Storage Architecture Scenarios for a Hybrid Cloud Environment
You might consider various scenarios for a storage architecture when you deploy a hybrid cloud environment. Remember that in a hybrid cloud model, some of your resources and assets will be on-premises and some will live in the cloud.
Here are some possible storage architecture scenarios in the hybrid cloud:
Your applications and data are on-premises, and your tier 2 and 3 data is stored in a public cloud.
Some of your applications are in a public cloud, your data is on-premises, and your storage is in a public cloud.
You have a private cloud within your enterprise, and you’re managing a private cloud that’s hosted elsewhere.
Some of your applications are in a public cloud along with your data. Some of your applications and data are on-premises. Your storage is both in the cloud and on-premises.
Storage considerations in the hybrid cloud
Here’s what you need to think about in terms of storage as you deploy a hybrid cloud:
Interfaces: To store and retrieve data, your applications need an API that connects your local system to the cloud-based storage system. Users should be able to send data to the cloud storage device and access data from it. You need to ensure that the APIs the cloud provider uses are interoperable with your own, because there are few standards for cloud storage. In other words, vendors like to use their own APIs.
According to experts, what users want is a standard like the ubiquitous TCP/IP for the network used across all storage interfaces. However, this may be difficult because each vendor may define its own APIs. So, for the near term, there may be similarities, but vendors won’t be completely interoperable.
Security: Security is always a concern. Make sure security measures are in place when data is transferred between storage and on-premises locations, as well as access-control measures once the data is stored. Files need to be secure while in storage, too.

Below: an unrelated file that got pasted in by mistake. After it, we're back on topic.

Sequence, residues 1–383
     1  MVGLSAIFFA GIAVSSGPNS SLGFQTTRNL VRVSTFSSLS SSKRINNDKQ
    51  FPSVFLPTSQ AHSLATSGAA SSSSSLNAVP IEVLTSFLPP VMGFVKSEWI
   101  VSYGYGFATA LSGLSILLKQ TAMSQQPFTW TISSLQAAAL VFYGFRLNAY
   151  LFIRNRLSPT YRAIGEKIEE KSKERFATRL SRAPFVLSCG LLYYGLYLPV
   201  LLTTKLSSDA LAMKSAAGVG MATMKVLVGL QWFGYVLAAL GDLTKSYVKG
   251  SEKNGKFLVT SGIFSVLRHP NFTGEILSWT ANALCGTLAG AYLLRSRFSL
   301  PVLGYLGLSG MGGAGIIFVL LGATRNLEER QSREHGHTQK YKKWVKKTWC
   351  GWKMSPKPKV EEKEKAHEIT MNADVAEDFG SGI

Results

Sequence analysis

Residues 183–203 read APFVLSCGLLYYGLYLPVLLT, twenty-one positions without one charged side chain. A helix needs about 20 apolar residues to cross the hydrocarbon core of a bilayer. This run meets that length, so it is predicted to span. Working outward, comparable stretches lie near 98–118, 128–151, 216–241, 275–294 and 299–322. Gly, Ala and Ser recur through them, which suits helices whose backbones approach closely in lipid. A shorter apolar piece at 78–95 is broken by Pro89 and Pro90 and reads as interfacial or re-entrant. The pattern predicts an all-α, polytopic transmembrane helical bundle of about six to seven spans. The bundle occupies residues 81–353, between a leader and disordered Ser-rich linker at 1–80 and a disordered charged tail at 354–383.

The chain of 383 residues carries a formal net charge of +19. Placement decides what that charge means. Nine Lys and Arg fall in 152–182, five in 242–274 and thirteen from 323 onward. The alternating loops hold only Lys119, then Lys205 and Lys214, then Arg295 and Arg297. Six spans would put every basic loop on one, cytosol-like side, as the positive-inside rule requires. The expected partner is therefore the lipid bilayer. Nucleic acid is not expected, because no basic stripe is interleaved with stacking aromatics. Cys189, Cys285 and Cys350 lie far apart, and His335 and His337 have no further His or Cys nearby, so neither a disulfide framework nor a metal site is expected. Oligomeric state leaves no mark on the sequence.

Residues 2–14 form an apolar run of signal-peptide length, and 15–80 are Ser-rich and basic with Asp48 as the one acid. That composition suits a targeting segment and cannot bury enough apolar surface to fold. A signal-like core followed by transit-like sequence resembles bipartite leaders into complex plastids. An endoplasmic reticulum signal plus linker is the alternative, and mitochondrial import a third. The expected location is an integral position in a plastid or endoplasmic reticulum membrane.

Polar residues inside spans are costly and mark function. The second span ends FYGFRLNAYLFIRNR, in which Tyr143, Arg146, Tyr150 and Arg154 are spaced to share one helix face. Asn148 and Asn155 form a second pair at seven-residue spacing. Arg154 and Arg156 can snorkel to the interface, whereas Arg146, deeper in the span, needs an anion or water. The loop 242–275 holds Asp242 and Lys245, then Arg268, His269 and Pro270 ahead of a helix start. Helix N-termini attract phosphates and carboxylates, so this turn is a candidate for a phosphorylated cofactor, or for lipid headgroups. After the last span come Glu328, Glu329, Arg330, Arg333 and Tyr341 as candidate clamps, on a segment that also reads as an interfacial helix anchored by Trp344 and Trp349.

Reliability: Data integrity is also a piece of the hybrid cloud environment. You need to make sure that your data gets from point A to point B and that it maintains its integrity. Your cloud provider might index your data. Its integrity also needs to remain intact when it’s in storage. For example, if indexes are corrupted, you can lose your data.
Business continuity: Planned and even unplanned downtime can cause problems for your business. Your storage provider needs to include snapshots, mirroring, and backups, as well as rapid recovery so that if the provider’s system goes down, you’re covered. You also need to make sure that the right service level agreements (SLAs) are in place.
Reporting and charge-back: Because cloud storage is a pay-as-you-go model, you need to know what your bill will be at the end of the billing cycle. This will include any transactional charges the provider might charge you as well as storage costs.
Management: In a hybrid cloud environment, if you choose to store some of your data on-premises and some in the cloud, you’ll need to be able to manage the environments together.
How will service levels be monitored and managed across these environments? How will you know if there’s a problem with your storage provider? It would be nice to be able to manage all of this together, in one spot, in one single pane of glass. However, the industry is not there yet, because it’s continuing to evolve its offerings in this space.
Performance/latency: Once you put your data in the cloud, you are subject to latency (delays that occur when processing data) issues. The questions to ask here are these:
How quickly will your applications need data?
What are the risks if data isn’t available in a reasonable timeframe?
Will your applications experience time-out and thus problems?
Does the cloud storage provider match or exceed your network speeds?
Are there any bottlenecks?
Vendor approaches to hybrid cloud storage
The reality is that combining internal private cloud storage with external cloud storage to look like one storage is difficult. Different vendors have different approaches:
Open source: Rackspace offers what it calls Cloud Files as an open source system for standardizing storage between clouds. It’s doing so under the umbrella of Openstack.org.
Federation: EMC provides its Atmos solution as a software-based solution with services loosely coupled and federated to Atmos servers in the cloud.
Gateway approaches: These sit between on-premises storage and cloud storage to translate traditional storage to cloud storage. In many cases, it seems to end users that the storage is a NAS (network addressable storage) type of storage.